Albert Einstein Biography - Essay Sample

Date:  2021-04-14 08:24:49
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University of Richmond
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This essay has been submitted by a student. This is not an example of the work written by our professional essay writers.

Albert Einstein was a physicist who was born in Ulm, Wurttemberg, Germany on March 4, 1879. His father, Hermann Einstein ran an electrical business while his mother, Pauline Koch ran a family household. His sister, Maya, was born two years after him. Einstein possessed qualities which made him stand out from other children. His head was comparatively larger than normal and was considered a retard because he rarely spoke when he was a young boy. At the age of five, his father found a compass in his pocket which changed his outlook on life. Einstein was dumbfounded when he realized the consistent northward swing of the needle and got to know at such tender age that there are forces in nature that one cannot see.

He attended a Catholic school in Munich where he developed a passion for classical music and played the violin. Despite disliking the school for the strict memorization policy, he evidently showed ability in mathematics especially calculus and geometry. He individually learned mathematics and philosophy outside the school with assistance from Max Talmud, a Polish medical student, and Jacob, his uncle (Mih, 2000).

He did not move with his parent to Pavia, Italy immediately because the German government wanted young men to complete military training before leaving the country. Cwiklik (1987) notes that his parents rented a house for him but soon missed his parents, got bored about the military training, and was expelled from school when he became a trouble maker and performed poorly academically. He was cleared to leave the country when a doctor recommended that he was on the brink of a nervous breakdown and successfully dodged the compulsory military training in Germany to join his parents in Italy where he did up to half a year of self-study.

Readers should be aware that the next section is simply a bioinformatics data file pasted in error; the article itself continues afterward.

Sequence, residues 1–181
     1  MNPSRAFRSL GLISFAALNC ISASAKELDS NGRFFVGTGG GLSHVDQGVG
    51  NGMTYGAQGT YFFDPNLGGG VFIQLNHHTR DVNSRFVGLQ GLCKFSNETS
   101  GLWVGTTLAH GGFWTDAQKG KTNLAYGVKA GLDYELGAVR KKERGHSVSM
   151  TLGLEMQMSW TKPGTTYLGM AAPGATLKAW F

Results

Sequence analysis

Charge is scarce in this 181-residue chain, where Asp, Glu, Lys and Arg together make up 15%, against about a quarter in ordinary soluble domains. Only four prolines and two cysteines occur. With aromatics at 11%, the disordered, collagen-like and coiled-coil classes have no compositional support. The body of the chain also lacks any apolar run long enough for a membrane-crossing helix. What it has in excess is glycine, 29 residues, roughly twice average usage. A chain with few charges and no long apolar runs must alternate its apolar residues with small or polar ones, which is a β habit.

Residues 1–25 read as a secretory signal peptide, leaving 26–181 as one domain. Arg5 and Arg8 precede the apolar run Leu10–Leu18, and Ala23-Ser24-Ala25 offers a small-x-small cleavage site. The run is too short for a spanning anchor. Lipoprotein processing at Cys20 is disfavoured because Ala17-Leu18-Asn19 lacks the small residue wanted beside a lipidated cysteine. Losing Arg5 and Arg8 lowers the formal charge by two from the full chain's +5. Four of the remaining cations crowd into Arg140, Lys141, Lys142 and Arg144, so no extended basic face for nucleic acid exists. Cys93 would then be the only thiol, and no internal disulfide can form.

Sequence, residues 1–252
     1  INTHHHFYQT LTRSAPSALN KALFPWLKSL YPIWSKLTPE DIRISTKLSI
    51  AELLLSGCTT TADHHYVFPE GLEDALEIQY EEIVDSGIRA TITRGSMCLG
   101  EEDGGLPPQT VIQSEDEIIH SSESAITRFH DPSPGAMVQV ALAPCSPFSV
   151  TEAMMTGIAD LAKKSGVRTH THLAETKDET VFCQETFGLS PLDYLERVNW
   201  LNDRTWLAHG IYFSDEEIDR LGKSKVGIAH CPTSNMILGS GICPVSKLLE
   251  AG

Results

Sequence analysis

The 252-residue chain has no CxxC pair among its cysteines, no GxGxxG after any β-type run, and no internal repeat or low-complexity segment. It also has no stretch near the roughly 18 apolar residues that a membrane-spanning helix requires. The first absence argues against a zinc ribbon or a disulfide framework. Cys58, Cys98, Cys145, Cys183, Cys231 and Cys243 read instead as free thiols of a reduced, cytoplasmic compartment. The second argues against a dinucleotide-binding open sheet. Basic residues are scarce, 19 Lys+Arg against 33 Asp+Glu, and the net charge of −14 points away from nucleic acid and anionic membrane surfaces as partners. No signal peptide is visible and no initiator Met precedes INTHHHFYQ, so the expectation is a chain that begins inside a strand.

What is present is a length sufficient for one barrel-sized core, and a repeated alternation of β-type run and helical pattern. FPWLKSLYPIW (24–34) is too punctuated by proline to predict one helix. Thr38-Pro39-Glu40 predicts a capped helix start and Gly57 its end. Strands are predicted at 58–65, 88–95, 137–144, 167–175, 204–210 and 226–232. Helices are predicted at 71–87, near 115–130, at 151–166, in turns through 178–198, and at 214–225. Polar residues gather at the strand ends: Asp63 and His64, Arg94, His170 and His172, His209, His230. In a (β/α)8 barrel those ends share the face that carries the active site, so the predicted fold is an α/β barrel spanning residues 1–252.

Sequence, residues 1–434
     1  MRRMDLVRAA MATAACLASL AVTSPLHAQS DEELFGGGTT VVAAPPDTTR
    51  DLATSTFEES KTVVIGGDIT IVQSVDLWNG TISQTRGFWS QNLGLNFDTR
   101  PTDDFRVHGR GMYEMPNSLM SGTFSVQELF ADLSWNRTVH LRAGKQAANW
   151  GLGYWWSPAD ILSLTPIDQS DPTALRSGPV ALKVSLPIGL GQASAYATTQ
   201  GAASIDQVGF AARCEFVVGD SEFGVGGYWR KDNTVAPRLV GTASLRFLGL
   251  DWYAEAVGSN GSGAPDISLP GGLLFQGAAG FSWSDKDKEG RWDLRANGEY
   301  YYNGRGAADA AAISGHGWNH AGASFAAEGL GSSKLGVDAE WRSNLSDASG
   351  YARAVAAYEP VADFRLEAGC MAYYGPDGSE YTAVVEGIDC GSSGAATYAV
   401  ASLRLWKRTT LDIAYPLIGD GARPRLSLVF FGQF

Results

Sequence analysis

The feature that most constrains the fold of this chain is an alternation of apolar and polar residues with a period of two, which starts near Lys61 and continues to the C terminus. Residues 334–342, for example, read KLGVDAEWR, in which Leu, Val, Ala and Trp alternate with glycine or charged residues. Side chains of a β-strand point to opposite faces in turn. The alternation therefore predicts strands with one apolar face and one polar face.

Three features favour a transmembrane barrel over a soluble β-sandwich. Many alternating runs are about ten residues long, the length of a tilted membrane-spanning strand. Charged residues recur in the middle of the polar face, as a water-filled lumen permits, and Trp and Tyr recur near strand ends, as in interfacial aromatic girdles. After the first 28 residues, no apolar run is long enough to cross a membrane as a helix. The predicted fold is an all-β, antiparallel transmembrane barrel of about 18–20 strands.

Einstein then moved to Aarau, Switzerland where he eventually finished high school and wanted admission in the Swiss Federal Institute of Technology, unfortunately, he failed the entry exam. This was a renowned college which did not require a high school diploma, but students were to take an entrance examination. Despite failing the exam at the age of 16, he performed well in mathematics and physics but failed in botany, zoology, and foreign languages. The college administration was impressed by Einsteins abilities in mathematics and was encouraged to reapply the following year and had him join a high school near Zurich. The school principal invited him to stay in his house until he graduated a year later. He enrolled at the Swiss Federal Institute of Technology where he studied was trained as a teacher of physics and mathematics. He worked hard and earned a bachelors degree in 1990, acquired Swiss citizenship but could not find a permanent job.

When he was a student at Swiss Federal Institute of Technology, Gribbin (2016) posits that he was fascinated by electromagnetism and the behavior of light in particular. This idea marked the start of his contribution to the study of the universe. He was 16 years when he envisioned an experiment that would later lead to his theory of special relativity. He visualized how it could be to chase a beam of light, whether he could run as fast as the beam or overtake it. Einstein made use of the laboratory at the Institute to conduct his experiments. He built an apparatus which used mirrors so that light from one direction could be reflected in two different directions, with one beaming towards the earths movement while the other perpendicular to it. Relativity came to exist as Einstein split a beam, reflect it to see if there was a difference in energy relying on whether or not the earth motion was through the ether. He realized that nothing could travel faster than the speed of light. This experiment helped him later.